DES MOINES — The Iowa State Education Association and one of its local chapters are challenging collective bargaining changes the Legislature made earlier this year.
In a lawsuit filed in Polk County, the 34,000-member union and the Davenport Education Association are raising constitutional challenges to the law that made sweeping changes to the 43-year-old Chapter 20, public employee collective bargaining law.
“We fervently wish we did not have to seek remedy through the courts in order to enforce our rights,” ISEA President Tammy Wawro said Tuesday at a Capitol news conference. “However, the law, which was rushed through the Legislature and into effect, treats professional educators and their chosen representatives unequally and unfairly.”
After the news conference, Colin Tadlock, a spokesman for House Speaker Linda Upmeyer, R-Clear Lake, said the law was written to be constitutional.
In challenging the law passed by GOP majorities in the House and Senate, ISEA asserts it created two classes of public employees because it treats public safety employees differently than others. Public safety employees can bargain over a wider range of issues than teachers and others.
“A fire marshal is able to bargain ways to keep the inside of a firehouse safer,” Wawro said. “Why can’t a teacher bargain ways to keep the inside of a schoolhouse safe?”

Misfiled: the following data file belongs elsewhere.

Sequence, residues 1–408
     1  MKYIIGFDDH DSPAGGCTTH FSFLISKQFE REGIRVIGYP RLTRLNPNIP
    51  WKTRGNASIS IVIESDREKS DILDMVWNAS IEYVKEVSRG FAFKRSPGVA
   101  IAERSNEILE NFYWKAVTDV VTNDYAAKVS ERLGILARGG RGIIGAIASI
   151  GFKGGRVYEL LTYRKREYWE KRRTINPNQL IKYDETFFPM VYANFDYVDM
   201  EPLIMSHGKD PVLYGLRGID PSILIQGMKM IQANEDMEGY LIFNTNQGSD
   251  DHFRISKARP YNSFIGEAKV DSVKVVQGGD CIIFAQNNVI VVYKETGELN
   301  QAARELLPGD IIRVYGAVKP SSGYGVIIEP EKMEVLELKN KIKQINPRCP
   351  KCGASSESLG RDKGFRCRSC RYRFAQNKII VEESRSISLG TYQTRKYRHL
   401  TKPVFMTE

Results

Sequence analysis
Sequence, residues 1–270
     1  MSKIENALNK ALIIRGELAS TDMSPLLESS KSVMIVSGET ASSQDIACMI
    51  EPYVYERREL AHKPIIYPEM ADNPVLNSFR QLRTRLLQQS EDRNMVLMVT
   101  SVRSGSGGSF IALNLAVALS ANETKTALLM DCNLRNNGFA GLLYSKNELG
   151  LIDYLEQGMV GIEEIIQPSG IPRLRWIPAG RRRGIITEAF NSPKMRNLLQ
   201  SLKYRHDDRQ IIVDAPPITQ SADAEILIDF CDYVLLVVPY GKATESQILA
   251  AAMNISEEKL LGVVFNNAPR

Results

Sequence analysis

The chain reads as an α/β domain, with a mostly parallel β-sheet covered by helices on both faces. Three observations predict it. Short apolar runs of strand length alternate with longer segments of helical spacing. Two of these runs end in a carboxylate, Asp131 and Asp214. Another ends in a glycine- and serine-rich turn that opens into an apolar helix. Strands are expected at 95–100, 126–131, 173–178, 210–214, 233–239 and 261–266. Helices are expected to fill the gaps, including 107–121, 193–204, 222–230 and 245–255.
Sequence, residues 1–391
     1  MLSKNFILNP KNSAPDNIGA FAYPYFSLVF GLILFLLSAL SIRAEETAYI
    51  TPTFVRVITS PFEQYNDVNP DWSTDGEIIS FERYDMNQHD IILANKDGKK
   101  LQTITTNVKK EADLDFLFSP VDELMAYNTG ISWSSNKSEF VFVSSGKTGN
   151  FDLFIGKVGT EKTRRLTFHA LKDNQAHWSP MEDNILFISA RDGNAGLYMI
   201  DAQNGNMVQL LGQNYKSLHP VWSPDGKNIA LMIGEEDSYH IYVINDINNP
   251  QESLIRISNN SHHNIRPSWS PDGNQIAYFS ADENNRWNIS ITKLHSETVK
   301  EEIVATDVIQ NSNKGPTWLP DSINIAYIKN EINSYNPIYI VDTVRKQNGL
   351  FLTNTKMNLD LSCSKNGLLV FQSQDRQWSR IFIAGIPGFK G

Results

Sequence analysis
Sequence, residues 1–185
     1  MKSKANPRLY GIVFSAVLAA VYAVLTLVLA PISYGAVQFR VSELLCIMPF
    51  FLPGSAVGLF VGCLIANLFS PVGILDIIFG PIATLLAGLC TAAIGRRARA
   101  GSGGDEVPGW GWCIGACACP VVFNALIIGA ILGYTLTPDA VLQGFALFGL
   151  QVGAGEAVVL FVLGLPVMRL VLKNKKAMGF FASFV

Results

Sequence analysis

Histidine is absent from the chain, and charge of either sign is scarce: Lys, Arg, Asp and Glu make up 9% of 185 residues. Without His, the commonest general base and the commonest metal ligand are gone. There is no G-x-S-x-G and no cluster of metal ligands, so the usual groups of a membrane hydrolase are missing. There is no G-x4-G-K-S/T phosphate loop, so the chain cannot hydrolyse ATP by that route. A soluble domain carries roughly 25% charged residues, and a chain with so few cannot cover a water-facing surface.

House File 291, the law in question, would limit most public-sector union contract negotiations to base wages capped by the cost of living while eliminating such issues as health insurance and supplemental pay as mandatory items for bargaining. Iowa’s 1974 collective bargaining law permitted public workers to bargain for wages, benefits and other workplace issues with impasses resolved by binding arbitration in exchange for employees giving up the right to strike.
The suit also challenges a provision of the law that prohibits payroll deductions for union dues, but allows deductions for other organizations such as contributions to nonprofits.
Also targeted by the lawsuit is the “irrational voter universe” for recertification elections based on the total number of members of a bargaining unit rather than a majority of members voting.
If that rationale was applied to political elections, Wawro said, “no candidate would ever be elected to office.”
“It’s just not fair and it’s not right,” Wawro said in summing up the law. “Our state constitution guarantees Iowans to the right to fair and equal treatment under the law and HF 291 violates that basic promise.”
The Davenport Education Association is one of about 200 local bargaining units, and one of the largest, that approved contracts before the law went into effect. The association has a vested interest in getting the law overturned before the deal expires in 2020, union officials said.